Monday, September 19, 2005

FILM: Everything Is Illuminated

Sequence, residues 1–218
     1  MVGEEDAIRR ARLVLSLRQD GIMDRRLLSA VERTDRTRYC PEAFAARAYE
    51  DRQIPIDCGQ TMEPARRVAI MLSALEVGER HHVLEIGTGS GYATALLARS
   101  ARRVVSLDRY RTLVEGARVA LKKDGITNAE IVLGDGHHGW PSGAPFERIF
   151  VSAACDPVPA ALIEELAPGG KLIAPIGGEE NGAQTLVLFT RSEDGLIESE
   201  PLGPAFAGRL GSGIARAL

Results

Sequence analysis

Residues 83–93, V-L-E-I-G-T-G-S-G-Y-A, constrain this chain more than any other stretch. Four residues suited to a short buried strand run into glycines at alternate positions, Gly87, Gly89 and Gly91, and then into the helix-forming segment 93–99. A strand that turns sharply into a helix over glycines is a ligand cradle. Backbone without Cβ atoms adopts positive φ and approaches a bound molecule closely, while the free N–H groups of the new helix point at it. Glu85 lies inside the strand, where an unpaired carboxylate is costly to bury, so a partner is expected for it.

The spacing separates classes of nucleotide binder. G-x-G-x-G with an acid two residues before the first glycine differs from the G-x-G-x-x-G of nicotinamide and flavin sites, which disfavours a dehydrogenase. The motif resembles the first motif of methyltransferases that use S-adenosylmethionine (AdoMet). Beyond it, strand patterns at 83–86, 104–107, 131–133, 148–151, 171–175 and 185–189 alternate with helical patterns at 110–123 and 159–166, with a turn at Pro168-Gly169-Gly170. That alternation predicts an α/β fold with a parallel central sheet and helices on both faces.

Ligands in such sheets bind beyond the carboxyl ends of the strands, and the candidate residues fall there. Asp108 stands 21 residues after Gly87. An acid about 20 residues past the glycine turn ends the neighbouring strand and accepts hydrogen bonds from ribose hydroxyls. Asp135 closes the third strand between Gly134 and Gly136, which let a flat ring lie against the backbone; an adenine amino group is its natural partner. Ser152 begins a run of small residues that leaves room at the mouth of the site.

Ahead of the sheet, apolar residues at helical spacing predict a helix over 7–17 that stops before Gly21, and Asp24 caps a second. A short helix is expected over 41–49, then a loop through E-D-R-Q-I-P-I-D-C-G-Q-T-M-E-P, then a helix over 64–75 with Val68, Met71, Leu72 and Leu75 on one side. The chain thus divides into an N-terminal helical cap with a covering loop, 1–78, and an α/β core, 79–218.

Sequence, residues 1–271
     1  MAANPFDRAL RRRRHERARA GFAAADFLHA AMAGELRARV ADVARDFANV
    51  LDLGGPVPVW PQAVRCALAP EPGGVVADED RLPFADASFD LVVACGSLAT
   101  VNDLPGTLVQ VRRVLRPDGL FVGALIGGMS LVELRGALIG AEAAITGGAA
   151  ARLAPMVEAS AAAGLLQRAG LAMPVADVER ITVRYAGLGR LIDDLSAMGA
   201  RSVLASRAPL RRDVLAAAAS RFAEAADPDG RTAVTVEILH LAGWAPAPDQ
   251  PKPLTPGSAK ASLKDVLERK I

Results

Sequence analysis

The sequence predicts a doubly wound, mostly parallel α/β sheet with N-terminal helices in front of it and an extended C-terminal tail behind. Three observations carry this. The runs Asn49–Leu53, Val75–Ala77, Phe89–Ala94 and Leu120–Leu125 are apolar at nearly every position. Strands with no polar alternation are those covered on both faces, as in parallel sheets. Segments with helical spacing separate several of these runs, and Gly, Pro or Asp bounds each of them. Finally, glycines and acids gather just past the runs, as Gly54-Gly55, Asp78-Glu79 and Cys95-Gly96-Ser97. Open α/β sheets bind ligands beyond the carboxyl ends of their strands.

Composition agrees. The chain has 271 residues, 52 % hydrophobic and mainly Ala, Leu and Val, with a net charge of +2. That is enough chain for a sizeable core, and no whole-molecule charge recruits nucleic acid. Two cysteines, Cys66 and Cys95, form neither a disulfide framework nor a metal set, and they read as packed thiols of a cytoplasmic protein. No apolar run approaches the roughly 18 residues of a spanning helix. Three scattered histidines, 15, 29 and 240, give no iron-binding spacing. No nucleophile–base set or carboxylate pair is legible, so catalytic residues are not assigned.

Liev Schreiber, in his directorial debut, has done a phenomenal job in his adaptation of Jonathan Safran Foer's novel Everything Is Illuminated. The film is a visually rich, dialogue-spare exploration of how our family history shapes us, how ancestral memories, even those long suppressed, are somehow genetically encoded and handed down, making us who we are. The structure of the film is a road trip story, but the trip is really into the past, into lost and suppressed memories, and subsequent illumination. And the characters are far from your typical road trip characters. There is Jonathan, a pasty stiff repressed Jewish young man with a passion for collecting petty artifacts of his life in ziplock bags. Then there is Alex, the Ukrainian young man with a "less than prime" command of the English language who serves as Jonathan's translator on their trip into the Ukrainian countryside, even though he'd rather be hitting the night clubs of Odessa. And there is Alex's Grandfather, the driver for their trip, whose wide-eyed unshaven face looks like a Van Gogh portrait, and who thinks that he is blind. Rounding out the party is Sammy Davis Junior, Junior, a deranged mutt who serves as Grandfather's "officious seeing-eye bitch". This unlikely group sets out into the Ukrainian countryside in search of a woman who saved Jonathan's grandfather from the Holocaust, armed only with a decades-old photograph, a first name, and the name of a long-destroyed shtetl that hardly anyone remembers. Jonathan is stiff and reserved, but the garrulous Alex does his best to keep conversation going despite his broken English, and to calm his curmudgeonly Grandfather who seems haunted by something when he's not making gruff remarks. Their exchanges are quite amusing at times, and provide just the right comic balance to what would otherwise be a very ponderous film. Much of the movement in this film takes place "between the lines", and in visually rich sequences. The film plays with time (Dali's "The Persistence of Memory" comes to mind), dissolving liquidly between present characters and their own past, or their ancestors' pasts. Cultural memory and its suppression is a theme subtly woven throughout the movie, not just in Jonathan's passion for collecting, but in Alex's coming to realize his blind spots about Ukraine's history, and even references to the Soviet conscious oppression of memory and its becoming a memory itself. (At one point, they drive past an abandoned gray concrete housing project. "What is that?" Jonathan asks. "Soviet," Alex replies, as if that explains everything. "What happened to it?" "Independence.") Schreiber gets exquisite performances out of Eijah Wood (Jonathan), Eugene Hutz (Alex), Boris Leskin (Grandfather), and Laryssa Lauret (the last remnant of the shtetl). Elijah Wood is famously wide-eyed and often a bit blank, but that suits his character (think Harold from Harold and Maude). Hutz, who is not so much an actor as the leader of a New York-based "gypsy punk" band called Gogol Bordello (who provide some of the music for the excellent soundtrack), does a wonderful job in the central role. And Leskin is perfect as the gruff, haunted Grandfather. What these characters eventually discover changes all of them, and will make a powerful impression on the viewer.

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